Experts Were Wrong About Tech’s Trajectory
The rise of the consumer Internet in the mid-1990s took many of the tech giants off guard. Reactions were varied, but most were wrong. Just like the executives at Apple, Bill Gates thought the Internet would zap Microsoft’s software of value:
Netscape’s strategy is to make Windows and the Apple Macintosh operating system all but irrelevant by building the browser into a full-featured operating system with information browsing. Over time Netscape will add memory management, file systems, security, scheduling, graphics and everything else in Windows that applications require.
The government was more narrow in their case against Microsoft, arguing that Netscape in conjunction with the Java programming language was creating a middleware platform that would bypass the value of Windows. In its simplest definition, middleware can be understood as software that acts an intermediary for other kinds of software. Microsoft perceived Netscape and Java as a threat, according to the case, prompting the company to take the anticompetitive bundling actions.
That wasn’t the path. First, the downfall of Microsoft, which was widely suggested at the time, never happened because the Internet added to—rather than took from—the value of the OS. Even Larry Lessig, who worked for the Department of Justice on the case, admitted, “I blew it on Microsoft.” Second, Linux moved from a niche space to became a fully operational competitor to Windows in business applications. Then in 2009, Apple effectively sparked the smartphone revolution, creating a new space of competition separate from the desktop OS. But most important, Microsoft and others assumed that an entrant would take Microsoft head on, as software developers Sun and Netscape had postured. Instead, Google and Amazon helped to birth the world of fully featured information browsing (what we would now call cloud services). They came about, however, as a byproduct of other activities—not because of directed competition. In other words, competition didn’t come from a direct source, but an indirect one.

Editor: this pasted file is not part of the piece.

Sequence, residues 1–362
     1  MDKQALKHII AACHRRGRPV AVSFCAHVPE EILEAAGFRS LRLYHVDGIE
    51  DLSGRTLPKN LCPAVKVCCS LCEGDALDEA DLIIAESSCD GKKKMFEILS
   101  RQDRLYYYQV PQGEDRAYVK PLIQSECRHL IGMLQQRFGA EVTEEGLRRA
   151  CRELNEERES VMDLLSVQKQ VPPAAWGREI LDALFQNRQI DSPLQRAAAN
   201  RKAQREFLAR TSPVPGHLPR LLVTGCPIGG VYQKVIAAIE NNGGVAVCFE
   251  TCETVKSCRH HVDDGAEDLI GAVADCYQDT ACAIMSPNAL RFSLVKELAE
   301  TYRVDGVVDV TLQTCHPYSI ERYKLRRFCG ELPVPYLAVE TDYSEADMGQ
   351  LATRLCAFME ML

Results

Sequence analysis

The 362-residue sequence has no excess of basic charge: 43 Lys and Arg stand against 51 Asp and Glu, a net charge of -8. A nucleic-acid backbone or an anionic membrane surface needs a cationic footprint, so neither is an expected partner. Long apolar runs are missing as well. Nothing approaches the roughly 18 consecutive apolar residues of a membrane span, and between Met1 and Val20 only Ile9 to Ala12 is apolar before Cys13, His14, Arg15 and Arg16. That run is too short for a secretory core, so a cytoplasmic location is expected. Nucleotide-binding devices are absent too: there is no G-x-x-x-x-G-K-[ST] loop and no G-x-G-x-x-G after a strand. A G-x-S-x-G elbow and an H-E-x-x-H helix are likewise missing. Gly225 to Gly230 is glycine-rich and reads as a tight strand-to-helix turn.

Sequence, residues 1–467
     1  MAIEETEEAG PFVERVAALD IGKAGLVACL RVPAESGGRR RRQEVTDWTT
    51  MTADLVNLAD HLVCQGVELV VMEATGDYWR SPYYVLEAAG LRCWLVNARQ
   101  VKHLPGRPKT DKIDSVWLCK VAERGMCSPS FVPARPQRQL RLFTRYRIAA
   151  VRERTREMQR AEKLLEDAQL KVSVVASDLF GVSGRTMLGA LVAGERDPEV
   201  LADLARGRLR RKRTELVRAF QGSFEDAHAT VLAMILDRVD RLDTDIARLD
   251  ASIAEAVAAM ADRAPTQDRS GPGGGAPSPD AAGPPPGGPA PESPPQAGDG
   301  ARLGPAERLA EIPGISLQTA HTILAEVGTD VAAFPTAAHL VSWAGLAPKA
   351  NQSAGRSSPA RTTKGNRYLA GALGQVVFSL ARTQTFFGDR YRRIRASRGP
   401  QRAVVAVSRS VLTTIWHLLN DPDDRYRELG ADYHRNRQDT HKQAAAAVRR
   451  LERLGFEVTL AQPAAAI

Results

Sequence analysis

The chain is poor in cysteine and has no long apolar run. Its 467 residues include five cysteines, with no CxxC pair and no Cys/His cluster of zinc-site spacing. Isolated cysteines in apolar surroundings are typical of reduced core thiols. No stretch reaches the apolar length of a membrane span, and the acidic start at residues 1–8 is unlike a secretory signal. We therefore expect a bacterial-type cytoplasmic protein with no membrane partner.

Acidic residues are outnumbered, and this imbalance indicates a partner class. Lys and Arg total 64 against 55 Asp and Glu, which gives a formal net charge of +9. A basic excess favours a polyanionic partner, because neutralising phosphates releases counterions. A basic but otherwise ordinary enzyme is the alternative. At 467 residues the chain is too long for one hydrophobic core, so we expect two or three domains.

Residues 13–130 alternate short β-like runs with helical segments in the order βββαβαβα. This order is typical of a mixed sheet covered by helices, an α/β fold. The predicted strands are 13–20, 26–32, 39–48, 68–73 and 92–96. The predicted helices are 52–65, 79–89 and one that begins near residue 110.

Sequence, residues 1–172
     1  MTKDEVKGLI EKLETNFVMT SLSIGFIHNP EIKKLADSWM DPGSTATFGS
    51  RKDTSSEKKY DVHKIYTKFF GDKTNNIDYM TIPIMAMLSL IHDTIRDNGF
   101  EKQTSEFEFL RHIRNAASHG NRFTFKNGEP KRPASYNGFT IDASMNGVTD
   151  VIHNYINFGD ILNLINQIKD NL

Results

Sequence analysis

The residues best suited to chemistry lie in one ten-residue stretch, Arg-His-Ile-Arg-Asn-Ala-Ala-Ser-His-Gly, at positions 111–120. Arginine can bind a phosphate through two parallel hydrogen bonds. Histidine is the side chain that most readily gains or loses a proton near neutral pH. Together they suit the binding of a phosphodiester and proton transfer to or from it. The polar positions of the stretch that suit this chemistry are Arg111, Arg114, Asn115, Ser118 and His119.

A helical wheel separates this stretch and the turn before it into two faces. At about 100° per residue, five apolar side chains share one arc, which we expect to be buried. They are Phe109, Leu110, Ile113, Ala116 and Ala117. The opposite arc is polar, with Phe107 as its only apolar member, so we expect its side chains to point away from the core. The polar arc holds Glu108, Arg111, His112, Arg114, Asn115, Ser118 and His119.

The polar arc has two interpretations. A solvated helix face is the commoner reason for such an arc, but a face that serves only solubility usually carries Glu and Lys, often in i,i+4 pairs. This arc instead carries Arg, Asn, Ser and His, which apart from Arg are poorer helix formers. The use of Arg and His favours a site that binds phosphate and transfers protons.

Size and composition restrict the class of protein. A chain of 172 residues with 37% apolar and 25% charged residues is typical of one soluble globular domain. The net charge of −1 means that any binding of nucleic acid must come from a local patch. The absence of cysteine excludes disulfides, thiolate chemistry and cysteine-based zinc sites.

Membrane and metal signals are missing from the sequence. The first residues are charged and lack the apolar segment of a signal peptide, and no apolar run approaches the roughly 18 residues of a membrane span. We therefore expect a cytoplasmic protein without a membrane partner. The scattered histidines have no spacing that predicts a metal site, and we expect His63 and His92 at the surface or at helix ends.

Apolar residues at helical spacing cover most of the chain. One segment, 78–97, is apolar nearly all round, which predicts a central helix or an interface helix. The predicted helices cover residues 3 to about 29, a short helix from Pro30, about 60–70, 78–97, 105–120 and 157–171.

Broadband Changed Everything, Including Distribution Channels
While Netscape’s initial fame came from being widely distributed on the web, only 5 percent of its total installations came from this method. Its sales largely came in the form of agreements either at the retail or corporate level. Among other issues, the case against Microsoft focused on the restrictions the company had placed on computer companies, chip manufacturers, and Internet service providers to leverage those distribution channels for IE, thus squeezing out Netscape. Although the agreements were lifted in 1998 and Netscape still maintained nearly two thirds of the browser market at the time, Microsoft had effectively won the First Browser War because they came to dominate distribution.
The Second Browser War, when Microsoft competed against Netscape’s processor Firefox, started in earnest when broadband speeds were fast enough to change the nature of distribution. Instead of the earlier methods of delivery, which requires a physical copy, consumers began to go online to download browser software in the early 2000s. By the end of the decade when broadband was a widely available resource, competition within the space reached a highpoint where it remains today. Broadband re-architected the Internet, dramatically changing the nature of distribution—not just for browsers, but for video, music, news, and countless other categories of content.
Broadband confounds the story of Microsoft’s antitrust case. With the proliferation of Internet access, information exploded, making search an important function. Few predicted this world. Indeed, AOL, Time Warner, and the content publishing industry collectively lost billions by investing in closed information ecosystems, thinking that the new web would look like a beefed up version of cable TV. What emerged instead was the open web. Google’s advances in processing large datasets revolutionized the industry and helped the company position itself as an important hub in the open web. Similarly, Google’s innovations in server design and manufacturing drove massive changes in the way information distribution occurs on the Internet. The Internet we know now wasn’t the one that was imagined just two decades ago, so it is difficult to think that Microsoft could have stopped a change they largely didn’t think would happen.